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Don’t Cry for Me Argentina – The Financial Crisis Facing Argentina’s New President                

The views expressed are those of the author and do not necessarily reflect the views of ASPA as an organization.

By Stephen R. Rolandi
December 18, 2023

“Throughout history, there have been only four kinds of economies in the world: developed/advanced countries, underdeveloped countries, Japan and Argentina.” —Simon Kuznets (1901-1985)

I have developed a strong interest in the history, politics and culture of Argentina ever since I saw the musical Evita at the National Theater in Washington, DC in the 1990s. This popular Broadway play focused on the life of Eva Peron Duarte (1919-52), the second wife of Argentine President Juan Domingo Peron; many saw her as the driving force behind her husband’s rise to political power during the 1940s and 1950s. The political party founded by the Perons played a major role in  Argentine political history for several decades.

Argentina, originally a Spanish colony until it won its independence in 1816, has grown to be one of the largest nations in South America, with a current population of nearly 47 million. In the early 20th century, Argentina possessed one of the world’s most prosperous economies; yet, since then, Argentina has suffered a series of boom-and-bust economic cycles, which have seen it fall well behind its regional neighbors. The country’s economy has been plagued by massive amounts of debt, currency devaluations and hyper-inflation. In the 20th Century, Argentina also experienced political turmoil and democratic reversals. Paradoxically, Argentina has one of the highest adult literacy rates in the world.

From 1998-2002, Argentina experienced an economic depression, which followed 15 years of stagnation and a brief period of free-market reforms. However, by 2003, Argentina’s economy rebounded, when GDP grew by an average of 9 percent annually from 2003-2008; presidential administrations during this period utilized neo-Keynesian economic policies which saw significant fiscal and trade surpluses.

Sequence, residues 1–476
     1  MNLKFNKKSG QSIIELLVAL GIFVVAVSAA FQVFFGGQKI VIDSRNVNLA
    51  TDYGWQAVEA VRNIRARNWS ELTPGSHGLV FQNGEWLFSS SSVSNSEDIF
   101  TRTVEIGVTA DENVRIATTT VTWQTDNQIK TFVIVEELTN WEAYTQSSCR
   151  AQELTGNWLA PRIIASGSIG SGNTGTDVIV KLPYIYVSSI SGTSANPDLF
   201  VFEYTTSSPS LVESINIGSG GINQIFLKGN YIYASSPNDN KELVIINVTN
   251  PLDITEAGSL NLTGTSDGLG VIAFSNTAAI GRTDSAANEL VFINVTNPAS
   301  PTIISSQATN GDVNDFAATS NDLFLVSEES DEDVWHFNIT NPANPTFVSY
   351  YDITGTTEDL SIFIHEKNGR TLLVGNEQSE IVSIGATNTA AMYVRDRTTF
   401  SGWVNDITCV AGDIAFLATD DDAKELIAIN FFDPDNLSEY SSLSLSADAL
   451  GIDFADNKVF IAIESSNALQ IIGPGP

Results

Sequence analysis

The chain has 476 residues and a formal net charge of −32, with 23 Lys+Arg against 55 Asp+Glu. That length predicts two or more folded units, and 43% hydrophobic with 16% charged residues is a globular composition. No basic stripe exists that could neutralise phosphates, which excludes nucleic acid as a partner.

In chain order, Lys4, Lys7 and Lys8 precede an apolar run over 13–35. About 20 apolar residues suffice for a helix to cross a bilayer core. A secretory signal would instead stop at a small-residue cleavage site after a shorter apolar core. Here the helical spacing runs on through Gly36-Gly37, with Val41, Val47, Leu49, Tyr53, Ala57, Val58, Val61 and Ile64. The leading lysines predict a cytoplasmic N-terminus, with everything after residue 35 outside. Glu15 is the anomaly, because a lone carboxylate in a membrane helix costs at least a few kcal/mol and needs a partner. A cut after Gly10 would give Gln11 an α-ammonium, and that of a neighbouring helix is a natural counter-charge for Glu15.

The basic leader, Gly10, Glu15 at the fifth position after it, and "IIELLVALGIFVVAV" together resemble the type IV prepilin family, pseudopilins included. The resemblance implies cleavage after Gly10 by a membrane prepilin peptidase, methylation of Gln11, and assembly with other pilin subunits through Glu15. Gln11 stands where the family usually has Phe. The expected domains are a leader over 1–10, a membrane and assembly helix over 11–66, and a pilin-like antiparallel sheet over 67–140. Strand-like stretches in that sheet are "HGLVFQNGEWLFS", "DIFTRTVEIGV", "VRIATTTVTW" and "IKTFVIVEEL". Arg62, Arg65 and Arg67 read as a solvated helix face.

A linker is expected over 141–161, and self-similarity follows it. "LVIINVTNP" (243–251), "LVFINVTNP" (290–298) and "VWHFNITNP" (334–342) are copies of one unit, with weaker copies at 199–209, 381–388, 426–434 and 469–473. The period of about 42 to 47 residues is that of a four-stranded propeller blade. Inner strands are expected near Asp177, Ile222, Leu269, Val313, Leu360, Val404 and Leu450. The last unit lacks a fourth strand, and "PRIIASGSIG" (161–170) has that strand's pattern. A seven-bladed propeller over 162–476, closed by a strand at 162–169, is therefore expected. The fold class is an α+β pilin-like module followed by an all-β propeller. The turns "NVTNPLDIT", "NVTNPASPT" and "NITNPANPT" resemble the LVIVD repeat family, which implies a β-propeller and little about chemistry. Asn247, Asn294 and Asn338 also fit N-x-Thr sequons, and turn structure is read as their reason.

Despite this progress, economic hard times returned to Argentina during the administrations of Mauricio Macri (2015-19) and continued under Alberto Fernandez (2019-23). During this time, the national public debt of Argentina continued to grow, as a percentage of the nation’s GDP, as shown below in this chart (data supplied by the International Monetary Fund (IMF):

Fernandez was inaugurated as Argentina’s President as the nominee of a new coalition party (“Frente de Todos” or FdT) in December of 2019, a few months before the worldwide COVID-19 pandemic. The pandemic took a toll on the nation’s economy, as GDP contracted by about 10 percent in 2020, and while it rebounded with growth of about 10 percent in 2021, inflation and poverty levels increased. Inflation exceeded 60 percent by July 2022.

Argentina’s national debt has also increased in the last few years to alarming levels. As of June 2023, Argentina’s national debt was approximately $403.8 billion; and projected to reach $447 billion by the end of 2023, according to the Census and Economic Information Centers (CEIC)—this represents an average debt load of approximately $9,514 per person, in a nation where average annual income is only $6,300.

Current debt projections forecast total national debt to rise to $801.2 billion in 2024; $1.2 trillion in 2025; and $1.7 trillion in 2026. Additionally, Argentina’s current inflation rate (as of November 2023) stands at 160 percent.